Photographs of the scene were taken by another sheriff's deputy at the time of the accident, and showed the vehicle and some skid marks across the highway, which Kennedy stated he believed came from Kelley's vehicle during the course of the accident. Unfortunately, no photographs were taken of the pothole in issue that day, and the pictures of the skid marks do not show where on the road they commenced. Kennedy did state that the skid marks started a short distance south of the pothole. He offered no testimony regarding the exact location of the skid marks vis-
-vis the pothole.

On cross-examination, Kennedy acknowledged that he was not a professional accident reconstructionist, and did not take measurements of the skid marks or the pothole. He stated that he had never previously had occasion to contact the New York State Department of Transportation (“DOT”) regarding potholes in that area.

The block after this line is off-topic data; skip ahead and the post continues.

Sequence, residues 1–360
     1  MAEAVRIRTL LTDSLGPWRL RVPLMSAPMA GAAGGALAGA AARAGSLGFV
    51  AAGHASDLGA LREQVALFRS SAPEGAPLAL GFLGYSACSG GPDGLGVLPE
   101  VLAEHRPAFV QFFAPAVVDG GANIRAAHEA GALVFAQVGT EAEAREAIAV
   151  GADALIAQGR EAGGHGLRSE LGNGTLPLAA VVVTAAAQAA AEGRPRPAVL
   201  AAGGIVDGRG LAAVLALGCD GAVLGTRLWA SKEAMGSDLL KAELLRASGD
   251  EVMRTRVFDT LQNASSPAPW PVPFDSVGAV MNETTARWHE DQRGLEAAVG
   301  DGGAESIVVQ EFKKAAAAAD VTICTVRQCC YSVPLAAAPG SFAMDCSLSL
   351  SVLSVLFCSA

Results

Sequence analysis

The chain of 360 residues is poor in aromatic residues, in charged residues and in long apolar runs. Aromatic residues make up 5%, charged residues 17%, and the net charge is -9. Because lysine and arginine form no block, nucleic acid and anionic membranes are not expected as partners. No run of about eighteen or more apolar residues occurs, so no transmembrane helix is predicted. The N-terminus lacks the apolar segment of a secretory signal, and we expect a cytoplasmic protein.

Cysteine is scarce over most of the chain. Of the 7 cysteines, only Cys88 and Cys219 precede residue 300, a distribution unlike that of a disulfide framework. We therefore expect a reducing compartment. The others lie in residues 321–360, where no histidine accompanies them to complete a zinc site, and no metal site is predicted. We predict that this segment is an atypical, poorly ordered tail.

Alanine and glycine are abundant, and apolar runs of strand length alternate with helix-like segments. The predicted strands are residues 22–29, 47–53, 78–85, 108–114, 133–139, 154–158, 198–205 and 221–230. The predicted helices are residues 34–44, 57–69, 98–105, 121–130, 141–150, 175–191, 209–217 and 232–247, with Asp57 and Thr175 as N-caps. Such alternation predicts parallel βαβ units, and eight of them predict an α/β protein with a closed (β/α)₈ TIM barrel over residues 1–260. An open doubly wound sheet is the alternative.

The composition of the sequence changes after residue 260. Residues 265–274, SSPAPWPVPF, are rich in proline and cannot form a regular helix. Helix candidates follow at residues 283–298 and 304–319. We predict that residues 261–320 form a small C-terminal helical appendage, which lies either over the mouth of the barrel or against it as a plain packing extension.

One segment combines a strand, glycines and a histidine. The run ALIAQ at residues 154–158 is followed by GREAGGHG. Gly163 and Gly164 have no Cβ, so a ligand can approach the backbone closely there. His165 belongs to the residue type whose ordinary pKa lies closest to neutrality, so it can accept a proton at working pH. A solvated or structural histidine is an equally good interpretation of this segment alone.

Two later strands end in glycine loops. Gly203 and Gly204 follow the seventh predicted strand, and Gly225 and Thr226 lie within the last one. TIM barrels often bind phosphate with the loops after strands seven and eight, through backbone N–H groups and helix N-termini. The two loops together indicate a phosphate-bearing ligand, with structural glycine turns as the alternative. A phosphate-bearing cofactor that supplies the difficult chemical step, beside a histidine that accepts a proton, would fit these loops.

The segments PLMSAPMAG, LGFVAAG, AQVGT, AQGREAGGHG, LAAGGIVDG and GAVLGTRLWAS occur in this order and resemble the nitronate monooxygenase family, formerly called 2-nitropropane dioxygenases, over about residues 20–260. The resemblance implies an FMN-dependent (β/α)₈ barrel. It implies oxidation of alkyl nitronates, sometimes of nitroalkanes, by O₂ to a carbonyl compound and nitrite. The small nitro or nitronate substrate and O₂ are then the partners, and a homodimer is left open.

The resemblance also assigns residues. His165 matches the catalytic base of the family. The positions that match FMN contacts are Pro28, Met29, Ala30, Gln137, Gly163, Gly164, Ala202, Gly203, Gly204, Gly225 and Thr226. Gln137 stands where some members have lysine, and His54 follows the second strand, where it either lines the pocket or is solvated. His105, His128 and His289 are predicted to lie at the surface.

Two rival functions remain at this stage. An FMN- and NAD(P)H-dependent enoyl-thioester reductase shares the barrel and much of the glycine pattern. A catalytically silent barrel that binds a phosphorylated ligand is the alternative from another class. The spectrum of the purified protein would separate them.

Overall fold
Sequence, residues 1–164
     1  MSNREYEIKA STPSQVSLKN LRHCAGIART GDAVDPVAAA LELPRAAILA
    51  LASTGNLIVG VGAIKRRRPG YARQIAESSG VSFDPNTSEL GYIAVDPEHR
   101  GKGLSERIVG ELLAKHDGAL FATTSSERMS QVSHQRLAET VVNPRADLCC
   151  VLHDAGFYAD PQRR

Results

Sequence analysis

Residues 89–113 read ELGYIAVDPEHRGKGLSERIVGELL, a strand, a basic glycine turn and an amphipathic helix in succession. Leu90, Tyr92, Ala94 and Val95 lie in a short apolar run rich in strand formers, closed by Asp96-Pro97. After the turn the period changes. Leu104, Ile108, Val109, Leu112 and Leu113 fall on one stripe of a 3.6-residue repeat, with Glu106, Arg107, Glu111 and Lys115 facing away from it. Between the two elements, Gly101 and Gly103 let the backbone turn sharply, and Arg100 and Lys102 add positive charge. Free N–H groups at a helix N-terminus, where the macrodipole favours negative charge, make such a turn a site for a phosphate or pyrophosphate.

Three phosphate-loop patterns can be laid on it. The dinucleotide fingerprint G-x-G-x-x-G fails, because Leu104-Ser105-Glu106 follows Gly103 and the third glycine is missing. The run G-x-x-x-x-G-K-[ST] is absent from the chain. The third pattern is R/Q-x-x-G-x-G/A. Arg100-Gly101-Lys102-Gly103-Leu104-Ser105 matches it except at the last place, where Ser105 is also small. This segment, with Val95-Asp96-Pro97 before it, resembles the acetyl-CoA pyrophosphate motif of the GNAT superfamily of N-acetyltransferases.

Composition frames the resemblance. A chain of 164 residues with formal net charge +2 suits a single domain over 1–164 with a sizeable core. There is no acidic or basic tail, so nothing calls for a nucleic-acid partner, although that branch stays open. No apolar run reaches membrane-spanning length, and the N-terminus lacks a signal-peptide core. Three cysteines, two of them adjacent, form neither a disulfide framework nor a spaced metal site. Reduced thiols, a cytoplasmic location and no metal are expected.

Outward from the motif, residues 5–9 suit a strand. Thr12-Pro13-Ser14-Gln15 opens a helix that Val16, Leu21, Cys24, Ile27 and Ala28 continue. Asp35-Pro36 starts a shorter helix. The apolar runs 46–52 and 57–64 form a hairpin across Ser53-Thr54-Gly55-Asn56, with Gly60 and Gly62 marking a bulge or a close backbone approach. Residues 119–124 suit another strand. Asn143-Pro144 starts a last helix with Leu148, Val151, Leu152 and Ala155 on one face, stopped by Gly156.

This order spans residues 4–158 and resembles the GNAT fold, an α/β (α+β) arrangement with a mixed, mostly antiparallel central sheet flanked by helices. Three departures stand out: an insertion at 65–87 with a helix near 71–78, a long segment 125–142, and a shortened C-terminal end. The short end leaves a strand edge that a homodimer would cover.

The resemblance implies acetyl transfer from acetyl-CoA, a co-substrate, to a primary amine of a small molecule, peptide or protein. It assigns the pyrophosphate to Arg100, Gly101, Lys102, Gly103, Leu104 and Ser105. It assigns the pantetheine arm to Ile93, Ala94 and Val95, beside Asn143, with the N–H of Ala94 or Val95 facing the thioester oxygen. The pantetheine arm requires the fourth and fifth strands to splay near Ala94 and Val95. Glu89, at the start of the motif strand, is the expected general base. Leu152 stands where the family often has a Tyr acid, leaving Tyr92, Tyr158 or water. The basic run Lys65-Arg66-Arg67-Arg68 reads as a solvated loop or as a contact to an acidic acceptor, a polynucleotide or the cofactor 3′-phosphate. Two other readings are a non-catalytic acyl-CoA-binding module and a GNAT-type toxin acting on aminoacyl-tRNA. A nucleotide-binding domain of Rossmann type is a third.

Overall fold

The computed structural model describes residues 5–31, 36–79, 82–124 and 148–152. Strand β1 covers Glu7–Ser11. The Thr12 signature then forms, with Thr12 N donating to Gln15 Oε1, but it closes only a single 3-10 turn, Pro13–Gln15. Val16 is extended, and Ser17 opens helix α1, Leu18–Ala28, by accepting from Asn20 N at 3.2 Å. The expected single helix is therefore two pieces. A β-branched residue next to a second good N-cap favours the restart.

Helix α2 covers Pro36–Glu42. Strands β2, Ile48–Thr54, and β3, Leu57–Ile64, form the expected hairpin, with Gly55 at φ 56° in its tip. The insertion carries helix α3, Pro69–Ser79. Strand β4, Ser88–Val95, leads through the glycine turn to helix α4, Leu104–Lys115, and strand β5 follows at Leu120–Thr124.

Sean Stolarcyk (Stolarcyk) also testified on claimant's behalf. Stolarcyk, a DOT Highway Maintenance Supervisor 2, was responsible for maintaining the highways in that area, including Route 12. Stolarcyk testified that Route 12 in the area of the accident is one of the busiest roads in Chenango County, with a traffic count of 6,000 to 7,000 vehicles per day. It is a two-lane State asphalt highway with a broken yellow line dividing the lanes of traffic, and a white edge line on both sides of the road, delineating the travel lane from the shoulder. The shoulder is paved, and is approximately eight feet wide in the area of the accident - “wider than a car”. According to Stolarcyk, the State is responsible for the maintenance and repair of both the highway and the shoulder, and that such repairs on that section of road would fall under his supervision. Stolarcyk stated that he and his crew were responsible for maintenance of 200 “lane-miles” of roadway and that they would “patrol” for potholes as they had time.